How to Spot a Reformist?
By Kyaw Zwa Moe 17 August 2012
In Burma today, the most politically trendy word is “reformist.” Many generals-turned-ministers want to be considered as such. More importantly, they crave being dubbed reformist by the public and media.
It is little wonder that the term has become popular as Burma emerges from the half-century eclipse of oppressive military rule. Burmese people, who have longed for democratic reform for decades, embrace the word while the international community reserves its highest marks for those in the reformist camp.
And so a “reformist gauge” has emerged by which political observers, stakeholders, activists and the public measure all top officials—including the president, his ministers, prominent politicians and military leaders.
When Tin Aung Myint Oo, believed one of the most conservative or “hardliner” in the government, resigned from his vice-president’s position, most people were delighted. He was seen as a huge obstacle to President Thein Sein’s program of reform.
However, Tin Aung Myint Oo himself claimed to be a reformist. The ex-general reportedly denied hardliner tendencies when talking with his close aides. The sour 62-year-old, who could not even adopt an affable demeanor in the media let alone behind closed doors, merely said that he did not want to adopt change as quickly as Thein Sein advocated.
And so when Nyan Tun, the commander-in-chief of the Burmese Navy, was selected to replace Tin Aung Myint Oo this week, commentators immediately tried to evaluate him with the reformist gauge.
Thein Sein admitted in a recent speech that there were “conservatives” in his cabinet and, if they opposed his reforms, they would be left behind.
During a recent trip to Burma, one of the 88 Generation Students leaders told me that Industry Minister Soe Thein and Railways Minister Aung Min were reformists before meeting them in Rangoon.
Of course, they received this accolade by being two of the most resourceful and pro-active cabinet members currently in office.
On the eve of Aug. 8, when former political prisoners of the 88 Generation Students marked the 24th anniversary of the 1988 popular uprising, the two ministers stunned everyone by travelling to Mandalay and donating one million kyat (US $1,200) for the ceremony.
Such an unprecedented move confirmed the impression that they were reformists. While critics decried the move as a clever public relations exercise on the part of the government, most viewed it as a necessary trust-building step towards national reconciliation.
Soe Thein and Aung Min have been busy holding countless meetings with scores of activists and ethnic leaders as well as acting as emissaries on behalf of the president.
So who is behind the current reform? While many believe Thein Sein is the driving force along with his cabinet backers and some prominent parliamentarians who have initiated popular proposals in the legislature, the reality is more complex.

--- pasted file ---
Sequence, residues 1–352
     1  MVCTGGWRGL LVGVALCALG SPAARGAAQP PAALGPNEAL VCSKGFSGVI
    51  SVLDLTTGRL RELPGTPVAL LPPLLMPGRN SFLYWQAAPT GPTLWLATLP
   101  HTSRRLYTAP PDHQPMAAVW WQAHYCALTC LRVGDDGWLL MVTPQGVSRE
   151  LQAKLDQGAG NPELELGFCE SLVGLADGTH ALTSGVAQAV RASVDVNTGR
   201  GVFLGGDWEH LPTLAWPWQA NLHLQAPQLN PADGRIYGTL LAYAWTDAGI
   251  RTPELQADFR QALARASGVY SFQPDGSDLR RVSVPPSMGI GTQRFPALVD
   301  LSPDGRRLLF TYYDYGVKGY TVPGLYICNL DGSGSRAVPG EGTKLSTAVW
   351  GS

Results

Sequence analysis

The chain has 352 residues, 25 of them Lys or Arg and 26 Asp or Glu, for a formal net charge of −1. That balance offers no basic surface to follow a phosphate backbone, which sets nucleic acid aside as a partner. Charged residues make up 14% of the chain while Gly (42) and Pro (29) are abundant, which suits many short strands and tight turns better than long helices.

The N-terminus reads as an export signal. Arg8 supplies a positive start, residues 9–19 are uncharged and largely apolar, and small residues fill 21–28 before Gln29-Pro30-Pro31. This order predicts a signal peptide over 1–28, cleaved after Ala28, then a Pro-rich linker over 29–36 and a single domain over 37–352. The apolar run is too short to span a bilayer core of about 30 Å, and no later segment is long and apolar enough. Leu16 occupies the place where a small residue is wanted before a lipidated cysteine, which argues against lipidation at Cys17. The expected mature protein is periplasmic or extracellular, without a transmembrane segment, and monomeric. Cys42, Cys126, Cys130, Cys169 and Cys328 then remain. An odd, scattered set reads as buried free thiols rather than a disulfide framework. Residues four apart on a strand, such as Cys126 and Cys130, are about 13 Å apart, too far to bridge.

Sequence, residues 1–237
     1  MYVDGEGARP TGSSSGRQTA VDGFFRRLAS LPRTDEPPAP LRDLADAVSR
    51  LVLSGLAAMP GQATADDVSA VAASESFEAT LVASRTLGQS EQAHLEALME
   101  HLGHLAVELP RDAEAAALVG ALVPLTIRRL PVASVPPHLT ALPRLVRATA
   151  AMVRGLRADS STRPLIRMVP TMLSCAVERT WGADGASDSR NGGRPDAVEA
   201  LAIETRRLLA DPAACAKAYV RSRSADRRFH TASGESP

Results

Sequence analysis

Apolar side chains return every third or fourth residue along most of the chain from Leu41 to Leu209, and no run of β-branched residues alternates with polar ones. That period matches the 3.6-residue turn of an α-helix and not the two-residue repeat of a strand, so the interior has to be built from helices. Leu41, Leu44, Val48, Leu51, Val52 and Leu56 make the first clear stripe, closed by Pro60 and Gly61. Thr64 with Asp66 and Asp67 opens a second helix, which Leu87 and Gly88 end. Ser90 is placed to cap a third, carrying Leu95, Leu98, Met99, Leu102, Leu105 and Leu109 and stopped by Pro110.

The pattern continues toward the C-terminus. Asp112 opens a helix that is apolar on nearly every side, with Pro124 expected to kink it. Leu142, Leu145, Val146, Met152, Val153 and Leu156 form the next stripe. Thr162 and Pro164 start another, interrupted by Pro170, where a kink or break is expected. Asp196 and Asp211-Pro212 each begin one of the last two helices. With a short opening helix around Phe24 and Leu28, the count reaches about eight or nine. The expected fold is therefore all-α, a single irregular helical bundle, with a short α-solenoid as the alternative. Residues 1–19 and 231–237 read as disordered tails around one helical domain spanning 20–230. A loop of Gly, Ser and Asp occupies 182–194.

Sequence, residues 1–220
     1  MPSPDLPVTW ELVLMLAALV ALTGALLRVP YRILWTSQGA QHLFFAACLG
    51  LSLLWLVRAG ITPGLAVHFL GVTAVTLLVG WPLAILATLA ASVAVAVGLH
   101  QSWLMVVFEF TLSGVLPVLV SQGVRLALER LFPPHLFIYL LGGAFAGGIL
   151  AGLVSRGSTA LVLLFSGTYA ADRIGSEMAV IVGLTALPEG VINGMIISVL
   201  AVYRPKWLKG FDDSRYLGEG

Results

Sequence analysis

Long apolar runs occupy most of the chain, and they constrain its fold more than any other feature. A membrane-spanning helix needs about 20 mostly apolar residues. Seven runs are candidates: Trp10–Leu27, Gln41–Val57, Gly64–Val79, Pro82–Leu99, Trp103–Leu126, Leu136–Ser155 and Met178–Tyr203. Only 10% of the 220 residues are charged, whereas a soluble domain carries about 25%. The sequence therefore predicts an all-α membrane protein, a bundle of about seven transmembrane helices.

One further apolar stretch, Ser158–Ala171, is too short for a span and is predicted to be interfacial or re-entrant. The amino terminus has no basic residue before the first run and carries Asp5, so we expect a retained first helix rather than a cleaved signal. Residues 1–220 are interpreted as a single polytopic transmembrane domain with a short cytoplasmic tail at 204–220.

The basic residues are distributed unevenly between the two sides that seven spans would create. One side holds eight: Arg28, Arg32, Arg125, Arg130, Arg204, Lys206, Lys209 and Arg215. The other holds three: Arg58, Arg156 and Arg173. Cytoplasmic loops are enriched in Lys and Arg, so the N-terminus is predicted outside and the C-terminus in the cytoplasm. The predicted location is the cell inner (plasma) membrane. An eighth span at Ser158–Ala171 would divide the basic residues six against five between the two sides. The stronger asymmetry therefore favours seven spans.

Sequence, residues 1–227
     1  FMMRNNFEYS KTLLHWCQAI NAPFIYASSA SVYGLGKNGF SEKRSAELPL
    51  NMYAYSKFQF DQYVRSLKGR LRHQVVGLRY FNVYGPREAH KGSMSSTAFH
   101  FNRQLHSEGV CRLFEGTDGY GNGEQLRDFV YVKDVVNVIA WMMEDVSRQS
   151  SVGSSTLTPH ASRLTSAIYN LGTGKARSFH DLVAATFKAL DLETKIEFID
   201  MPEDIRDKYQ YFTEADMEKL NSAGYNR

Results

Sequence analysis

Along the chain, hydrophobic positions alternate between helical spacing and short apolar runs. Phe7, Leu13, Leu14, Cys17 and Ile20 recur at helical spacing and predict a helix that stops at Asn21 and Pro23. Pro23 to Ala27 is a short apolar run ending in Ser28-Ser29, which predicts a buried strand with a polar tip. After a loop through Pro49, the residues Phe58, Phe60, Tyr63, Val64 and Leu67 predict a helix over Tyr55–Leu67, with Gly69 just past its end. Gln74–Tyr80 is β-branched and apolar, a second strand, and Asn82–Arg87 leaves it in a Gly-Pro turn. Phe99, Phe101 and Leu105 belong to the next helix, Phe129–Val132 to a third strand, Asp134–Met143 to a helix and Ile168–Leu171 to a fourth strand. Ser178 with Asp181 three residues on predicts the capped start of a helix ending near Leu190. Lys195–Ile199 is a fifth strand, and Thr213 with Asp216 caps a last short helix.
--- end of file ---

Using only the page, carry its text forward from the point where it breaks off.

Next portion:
There are power shakers outside of ministerial circles including powerful businessmen who are close to government. This contrasts starkly with those traditionally attributed with a role—activists, ethnic groups and political parties including Aung San Suu Kyi’s National League for Democracy.
When discussing the government’s peace process with ethnic armed groups, the ex-admiral Soe Thein told me in the Rangoon meeting that there are four key factors.
“Firstly, without the president, the idea of the peace process can’t take off,” he said. “Secondly, without Minister Aung Min [the government’s chief negotiator] and these people [civil society group Myanmar Egress acting as informal advisers] the peace process can’t be implemented. Thirdly, it is totally impossible to do it without the participation by the ethnic armed groups. Fourthly, without money we can do nothing.”
And it appears there were always problems between reformists and hardliners in the government. For the peace committee, the government’s original budget was up to 150 million kyat ($170,000).
One well-informed source recounted a conversation between Thein Sein and Aung Min a few months back. The president said that Aung Thaung, who was then chief of the peace committee and renown as a hardliner, withdrew 120 million kyat ($135,000) from the fund. The president was enquiring why Aung Min had yet to withdraw the rest of the money for the peace process.
The source said that Aung Thaung took money but no one could see him using it for the peace process. Later, he was ousted from the peace committee and Aung Min became the key negotiator in his place.
While pro-democracy groups and the public use the term hardliner, the ministers seemed to use the word “spoiler.” During our conversation, Soe Thein said there were spoilers outside—referring to some political groups and persons in exile who resisted any change to the current political landscape.
Both spoilers in pro-democracy groups and hardliners in the government may exist. Despite the different labels given by the respective sides, they all mean the same thing—blocking future reforms.
Burma needs genuine reformists in the government to be able to speed up the transition towards democracy. Perhaps, if genuine reformists unite the political landscape might become more dynamic and free. So far, however, it remains tough to spot obvious ones out there.